The Indian flag with a man standing in front holding a stethoscope

India represents one of the most promising opportunities in the global economy; in 2014 alone, the country’s gross domestic product (the size of its economy) soared 7.3%, according to the World Bank, making it one of the fastest-growing markets in the world. This rate, which followed 6.9% growth in 2013, underscores the opportunity that exists for India at a time when many of the major markets – particularly in Europe and Japan – face sluggish or even negative growth.

Yet, despite this booming economy, healthcare spending has continued to lag for India. In 2013, the country spent just 3.97% of its economy on healthcare. Although this is a notable improvement over 2012’s 3.81%, it still lags far behind advanced economies and even China (5.57% in 2013), according to the World Health Organization.

Nonetheless, this issue has been a focus on the government in India, which may ultimately benefit the pharmaceutical industry via increased spending. The Union Budget 2016 disclosed the government’s plan to improve the health care conditions in India. Although healthcare has been amongst the most neglected sectors in India, it has been growing at a rapid pace and is expected to become a US $280 billion industry by 2020, according to Deloitte Touche Tohmatsu India (for perspective, the WHO estimates India spent just $76.9 billion in 2013 on healthcare). The healthcare budget presented by the finance minister Arun Jaitley includes certain encouraging features:

  • A new health protection scheme which will provide health cover up to Rs 1 lakh per family has been announced. Additionally, for senior citizens of age 60 years and above belonging to economically weak category, a top-up package of up to Rs 30,000 will be provided.
  • Plan to add 3,000 pharmacies under the “Jan Aushadhi Yojana” to provide generic drugs at affordable rates.

These two steps will go a long way to help more people getting access to proper healthcare in the country. They will also help address some of the various challenges that have gripped India’s healthcare system for years. These include:

  • A healthcare system more focused on the urban populations than on rural communities. Nearly, 70% of Indians live in rural areas with limited or no access to hospitals and clinics, yet 80% of specialists reside in urban areas.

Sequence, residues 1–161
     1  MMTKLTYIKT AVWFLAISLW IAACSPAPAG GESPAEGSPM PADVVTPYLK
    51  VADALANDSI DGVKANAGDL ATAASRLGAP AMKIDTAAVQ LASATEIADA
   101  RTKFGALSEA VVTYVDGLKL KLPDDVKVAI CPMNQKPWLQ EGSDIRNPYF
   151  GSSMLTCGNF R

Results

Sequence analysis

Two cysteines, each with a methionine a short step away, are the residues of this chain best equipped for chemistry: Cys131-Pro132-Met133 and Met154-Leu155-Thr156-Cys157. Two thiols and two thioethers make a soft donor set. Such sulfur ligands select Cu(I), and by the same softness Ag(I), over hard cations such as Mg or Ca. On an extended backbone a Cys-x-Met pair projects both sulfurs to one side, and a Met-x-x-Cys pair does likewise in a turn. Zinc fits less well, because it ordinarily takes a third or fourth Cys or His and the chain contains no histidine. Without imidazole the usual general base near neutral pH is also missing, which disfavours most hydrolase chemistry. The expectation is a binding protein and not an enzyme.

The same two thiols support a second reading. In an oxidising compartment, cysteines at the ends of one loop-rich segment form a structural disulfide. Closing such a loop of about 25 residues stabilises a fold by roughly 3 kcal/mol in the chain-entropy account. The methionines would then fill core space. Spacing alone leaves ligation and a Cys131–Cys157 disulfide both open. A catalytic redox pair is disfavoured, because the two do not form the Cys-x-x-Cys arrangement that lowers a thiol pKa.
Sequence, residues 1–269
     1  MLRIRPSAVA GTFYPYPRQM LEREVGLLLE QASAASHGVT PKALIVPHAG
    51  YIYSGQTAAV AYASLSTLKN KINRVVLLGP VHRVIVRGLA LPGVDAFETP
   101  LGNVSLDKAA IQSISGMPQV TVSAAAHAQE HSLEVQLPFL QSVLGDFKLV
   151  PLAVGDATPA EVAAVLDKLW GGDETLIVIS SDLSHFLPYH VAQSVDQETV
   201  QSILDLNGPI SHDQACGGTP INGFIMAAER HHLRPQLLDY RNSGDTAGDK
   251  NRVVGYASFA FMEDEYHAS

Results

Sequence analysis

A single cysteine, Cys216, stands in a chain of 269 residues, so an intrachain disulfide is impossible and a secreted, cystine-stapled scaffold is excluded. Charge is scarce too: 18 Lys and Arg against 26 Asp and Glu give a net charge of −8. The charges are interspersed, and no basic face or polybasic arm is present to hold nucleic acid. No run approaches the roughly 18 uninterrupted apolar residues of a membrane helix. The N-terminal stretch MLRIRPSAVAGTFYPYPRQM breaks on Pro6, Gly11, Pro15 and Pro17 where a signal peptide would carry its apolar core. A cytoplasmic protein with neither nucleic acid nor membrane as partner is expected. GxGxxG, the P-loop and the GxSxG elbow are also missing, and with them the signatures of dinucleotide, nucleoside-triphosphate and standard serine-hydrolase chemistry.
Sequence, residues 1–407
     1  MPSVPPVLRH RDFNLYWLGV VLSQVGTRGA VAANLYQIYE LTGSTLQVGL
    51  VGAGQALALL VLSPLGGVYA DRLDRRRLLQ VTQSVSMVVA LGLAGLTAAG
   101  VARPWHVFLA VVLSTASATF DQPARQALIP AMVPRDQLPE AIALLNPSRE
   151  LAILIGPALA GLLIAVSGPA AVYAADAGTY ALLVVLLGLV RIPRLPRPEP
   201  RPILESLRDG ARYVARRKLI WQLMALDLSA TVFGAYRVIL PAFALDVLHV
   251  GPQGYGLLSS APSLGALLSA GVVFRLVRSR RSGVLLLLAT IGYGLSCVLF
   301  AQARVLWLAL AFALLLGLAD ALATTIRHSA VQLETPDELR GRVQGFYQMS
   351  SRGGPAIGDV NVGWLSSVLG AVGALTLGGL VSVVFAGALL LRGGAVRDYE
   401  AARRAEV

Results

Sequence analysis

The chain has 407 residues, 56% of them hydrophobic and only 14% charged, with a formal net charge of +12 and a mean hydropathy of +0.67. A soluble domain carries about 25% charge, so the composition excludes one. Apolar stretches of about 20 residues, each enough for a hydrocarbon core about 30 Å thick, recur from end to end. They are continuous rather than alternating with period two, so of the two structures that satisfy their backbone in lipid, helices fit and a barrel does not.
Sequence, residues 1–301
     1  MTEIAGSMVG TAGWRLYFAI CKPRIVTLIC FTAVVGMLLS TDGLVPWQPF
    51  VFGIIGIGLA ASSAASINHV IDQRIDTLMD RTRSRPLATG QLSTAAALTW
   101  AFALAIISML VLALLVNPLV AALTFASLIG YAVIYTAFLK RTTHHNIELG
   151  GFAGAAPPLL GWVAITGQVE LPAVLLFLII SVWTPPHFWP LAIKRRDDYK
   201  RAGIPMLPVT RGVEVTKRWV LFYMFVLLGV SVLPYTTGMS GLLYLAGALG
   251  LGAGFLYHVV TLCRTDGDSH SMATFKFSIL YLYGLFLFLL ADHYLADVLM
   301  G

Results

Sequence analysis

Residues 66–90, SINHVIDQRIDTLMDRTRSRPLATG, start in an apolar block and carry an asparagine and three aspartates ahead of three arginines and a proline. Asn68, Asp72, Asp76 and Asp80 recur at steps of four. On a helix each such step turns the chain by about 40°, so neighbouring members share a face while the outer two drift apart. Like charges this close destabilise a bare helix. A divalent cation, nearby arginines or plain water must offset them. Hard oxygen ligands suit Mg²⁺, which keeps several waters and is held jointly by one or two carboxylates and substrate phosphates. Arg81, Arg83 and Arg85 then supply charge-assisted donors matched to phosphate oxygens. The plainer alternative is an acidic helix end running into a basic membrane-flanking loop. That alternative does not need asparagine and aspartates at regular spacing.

• Falling spending on healthcare over the past decade as a percentage of the economy (from 4.3% to 4.05%).-As a result, nearly 1 million Indians are believed to die each year because of inadequate healthcare facilities while close to 700 million cannot access specialist care.
  • Low per capita spending on healthcare; according to Harvard School of Public Health (HSPH) in 2012, India spent about $40 per person annually on health care whereas the United States spent $8,500.

Notably, private hospitals and facilities, despite much lower funding than their counterparts in more developed markets, are seen as comparable in quality to facilities there The problem essentially lies with government hospitals and their infrastructure. The government facilities are understaffed, underfinanced and that these hospitals maintain very poor standards of hygiene forces many people to visit private medical practitioners and hospitals. In addition, the fact that India does not have universal healthcare (resulting in a large uninsured population) leads to high out-of-pocket expenditure.

Previous governments also planned various health care insurance plans to transform the health care system completely, partially inspired by US President Barack Obama's grand insurance-for-all project which is popularly known as ‘Obamacare,’ but to no respite.

With the new provisions added in the Union Budget 2016 for higher allocation of funds and spending, the government should make sure that the funds are used to improve the infrastructure and skill sets. There should be more transparency in the allocation of funds and its expenditure by Government Hospitals and Medical Officers.

Although these measures will not solve India’s historic underinvestment in healthcare, they do highlight the country’s movement toward prioritizing healthcare in the economy. Eventually, this push will create new opportunities for the drug industry, particularly if government insurance and acquisition of branded therapies becomes part of the solution.

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